As the global economy evolves, sustainable and resilient growth increasingly depends on metropolitan Chicago’s capacity to convert new ideas into higher productivity and greater competitiveness. Public strategies can create the conditions for such innovation to fuel longer, more sustained, and inclusive economic growth. Despite its many economic assets, key ON TO 2050 indicators like patenting and venture capital activity suggest that the region lags behind peers in terms of research, commercial development, and entrepreneurial activity.
Innovation can take many forms and occurs throughout the economy. Rapid technological changes are often the most prominent examples, such as recent advances in artificial intelligence, advanced materials, and the digitalization of services. New, unforeseeable industries can arise as these breakthroughs find applications throughout the economy. However, other forms of innovation can also generate important economic benefits, such as better ways of operating a business. More subtle process innovations can help businesses reduce errors or costs, increase output, and improve quality, speed, and functionality. For example, advances in data analytics have allowed businesses to reorganize production and distribution, finding new efficiencies. Based on recommendations of the GO TO 2040 plan and subsequent analysis, CMAP’s policy and planning work aims to support the full range of innovative and entrepreneurial activities that contribute to economic vitality.
Innovation necessarily begins with strong investments in human capital, which will always be the region’s source of next-generation ideas and its strongest competitive advantage. An inclusive, high quality labor force spurs innovation in two ways: by developing more innovative ideas and by implementing those ideas more readily. Innovation from the region stands to benefit from diversifying the voices contributing to their development. At the same time, the diffusion of new technologies and processes requires mobilizing our full inventive talent at all skill levels. As new innovations find uses throughout the economy, workers in most occupations and at all skill levels will need to be equipped to use them to accomplish a wide range of creative and problem-solving tasks.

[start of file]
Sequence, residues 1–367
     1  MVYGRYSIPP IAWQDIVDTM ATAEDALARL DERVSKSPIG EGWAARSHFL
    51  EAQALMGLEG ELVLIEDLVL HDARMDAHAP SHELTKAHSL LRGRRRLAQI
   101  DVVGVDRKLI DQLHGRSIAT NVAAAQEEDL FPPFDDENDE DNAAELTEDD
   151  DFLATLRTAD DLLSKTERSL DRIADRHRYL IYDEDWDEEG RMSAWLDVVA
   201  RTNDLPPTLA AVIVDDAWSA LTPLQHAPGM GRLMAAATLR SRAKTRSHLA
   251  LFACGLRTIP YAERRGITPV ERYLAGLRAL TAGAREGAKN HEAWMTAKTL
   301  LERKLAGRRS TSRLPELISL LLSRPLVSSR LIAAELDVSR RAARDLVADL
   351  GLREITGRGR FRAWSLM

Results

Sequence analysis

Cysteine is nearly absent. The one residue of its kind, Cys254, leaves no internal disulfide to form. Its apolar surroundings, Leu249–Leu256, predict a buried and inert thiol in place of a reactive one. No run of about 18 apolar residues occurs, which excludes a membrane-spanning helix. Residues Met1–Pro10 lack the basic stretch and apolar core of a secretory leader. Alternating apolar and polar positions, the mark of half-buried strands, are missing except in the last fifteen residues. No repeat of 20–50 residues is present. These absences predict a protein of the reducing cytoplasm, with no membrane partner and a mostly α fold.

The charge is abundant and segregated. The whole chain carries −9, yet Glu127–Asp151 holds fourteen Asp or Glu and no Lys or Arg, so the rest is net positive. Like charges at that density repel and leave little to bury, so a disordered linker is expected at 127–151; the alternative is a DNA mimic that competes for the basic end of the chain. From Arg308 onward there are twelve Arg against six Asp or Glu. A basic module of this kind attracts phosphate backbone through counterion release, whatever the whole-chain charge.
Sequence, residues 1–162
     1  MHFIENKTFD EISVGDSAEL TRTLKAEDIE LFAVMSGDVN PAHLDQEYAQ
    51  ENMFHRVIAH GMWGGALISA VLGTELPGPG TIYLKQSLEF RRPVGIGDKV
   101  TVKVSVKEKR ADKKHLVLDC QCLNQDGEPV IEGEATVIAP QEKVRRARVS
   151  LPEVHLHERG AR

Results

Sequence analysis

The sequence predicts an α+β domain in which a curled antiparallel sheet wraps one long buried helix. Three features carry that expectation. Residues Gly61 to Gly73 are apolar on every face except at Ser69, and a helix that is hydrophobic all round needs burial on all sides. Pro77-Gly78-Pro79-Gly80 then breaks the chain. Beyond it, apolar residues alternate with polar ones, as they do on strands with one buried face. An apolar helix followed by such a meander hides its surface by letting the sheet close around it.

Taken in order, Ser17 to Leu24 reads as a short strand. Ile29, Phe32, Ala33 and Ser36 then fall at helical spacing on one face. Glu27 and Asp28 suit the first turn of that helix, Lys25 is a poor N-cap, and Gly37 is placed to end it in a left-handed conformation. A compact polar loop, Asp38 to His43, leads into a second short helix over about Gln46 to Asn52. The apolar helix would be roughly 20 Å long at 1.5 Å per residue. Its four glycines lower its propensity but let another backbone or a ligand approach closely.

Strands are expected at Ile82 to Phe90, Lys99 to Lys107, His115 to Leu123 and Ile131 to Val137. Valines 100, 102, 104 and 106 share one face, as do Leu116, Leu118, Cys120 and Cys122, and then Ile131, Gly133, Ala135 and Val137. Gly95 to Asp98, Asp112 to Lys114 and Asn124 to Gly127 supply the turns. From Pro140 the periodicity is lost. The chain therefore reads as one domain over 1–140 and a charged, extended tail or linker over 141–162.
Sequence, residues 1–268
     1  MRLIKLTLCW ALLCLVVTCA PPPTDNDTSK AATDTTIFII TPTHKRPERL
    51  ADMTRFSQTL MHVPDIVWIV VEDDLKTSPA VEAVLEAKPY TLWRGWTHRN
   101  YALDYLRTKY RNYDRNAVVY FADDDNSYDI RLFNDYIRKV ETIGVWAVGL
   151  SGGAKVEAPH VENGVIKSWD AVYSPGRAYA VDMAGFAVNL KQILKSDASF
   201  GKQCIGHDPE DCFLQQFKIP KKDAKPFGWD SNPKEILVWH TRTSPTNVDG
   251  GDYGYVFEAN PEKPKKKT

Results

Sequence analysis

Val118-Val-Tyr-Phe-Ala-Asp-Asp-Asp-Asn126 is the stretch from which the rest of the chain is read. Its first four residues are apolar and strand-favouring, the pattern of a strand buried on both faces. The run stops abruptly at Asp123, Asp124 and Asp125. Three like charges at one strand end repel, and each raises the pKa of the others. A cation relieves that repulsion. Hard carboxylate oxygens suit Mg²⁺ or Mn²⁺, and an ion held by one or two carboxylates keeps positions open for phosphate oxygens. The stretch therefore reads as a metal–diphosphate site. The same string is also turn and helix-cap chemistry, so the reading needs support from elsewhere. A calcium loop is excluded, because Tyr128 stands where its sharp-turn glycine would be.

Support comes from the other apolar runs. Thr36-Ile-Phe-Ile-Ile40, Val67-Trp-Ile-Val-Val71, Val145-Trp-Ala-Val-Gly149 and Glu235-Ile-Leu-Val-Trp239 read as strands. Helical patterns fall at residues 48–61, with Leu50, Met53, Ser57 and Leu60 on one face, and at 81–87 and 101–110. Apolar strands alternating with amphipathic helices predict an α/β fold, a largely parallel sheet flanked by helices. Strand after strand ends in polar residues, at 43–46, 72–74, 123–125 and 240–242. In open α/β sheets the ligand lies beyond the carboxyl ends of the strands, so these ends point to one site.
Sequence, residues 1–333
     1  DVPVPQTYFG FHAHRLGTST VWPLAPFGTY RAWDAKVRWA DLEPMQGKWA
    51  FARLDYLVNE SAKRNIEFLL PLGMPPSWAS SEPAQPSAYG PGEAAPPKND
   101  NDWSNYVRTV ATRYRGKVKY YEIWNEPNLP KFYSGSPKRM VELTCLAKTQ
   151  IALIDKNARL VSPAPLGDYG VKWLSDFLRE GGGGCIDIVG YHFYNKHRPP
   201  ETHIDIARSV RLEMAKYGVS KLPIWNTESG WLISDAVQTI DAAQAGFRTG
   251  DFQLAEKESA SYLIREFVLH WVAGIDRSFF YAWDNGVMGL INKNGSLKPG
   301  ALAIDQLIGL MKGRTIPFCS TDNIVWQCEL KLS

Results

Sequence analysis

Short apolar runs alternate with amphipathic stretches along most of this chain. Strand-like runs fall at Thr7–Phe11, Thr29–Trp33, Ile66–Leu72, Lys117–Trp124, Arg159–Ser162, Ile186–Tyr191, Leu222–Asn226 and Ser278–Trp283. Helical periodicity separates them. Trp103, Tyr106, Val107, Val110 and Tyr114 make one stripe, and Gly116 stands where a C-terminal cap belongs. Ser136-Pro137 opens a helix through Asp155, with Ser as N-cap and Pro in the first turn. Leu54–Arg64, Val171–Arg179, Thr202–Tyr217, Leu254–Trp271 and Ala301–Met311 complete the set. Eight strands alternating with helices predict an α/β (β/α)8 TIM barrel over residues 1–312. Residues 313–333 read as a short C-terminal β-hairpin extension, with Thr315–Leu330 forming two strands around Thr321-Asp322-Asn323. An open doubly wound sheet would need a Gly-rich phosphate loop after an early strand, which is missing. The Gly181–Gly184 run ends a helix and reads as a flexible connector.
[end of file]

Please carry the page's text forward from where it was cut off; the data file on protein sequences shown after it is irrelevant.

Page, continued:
Because the private sector is a key driver of innovation and commercialization, the role of the public sector is to find ways to help spur innovation by supporting institutions, relationships, and the essential components of a modern economy. Policies and programs should focus primarily on supporting dense, dynamic economic activity in the Chicago region and ensuring that different, diverse parts of the region can participate. ON TO 2050 emphasizes entrepreneurial growth and the adoption of innovations among incumbent businesses, while acknowledging the vital role and importance of new idea generation and development. CMAP continues to support the work of other organizations striving to improve our region’s position at the cutting edge of scientific, technological, and commercial breakthroughs.
[GRAPHIC TO COME: An illustration of metropolitan Chicago’s deep assets in higher education and research.]
The following describes strategies and associated actions to implement this recommendation.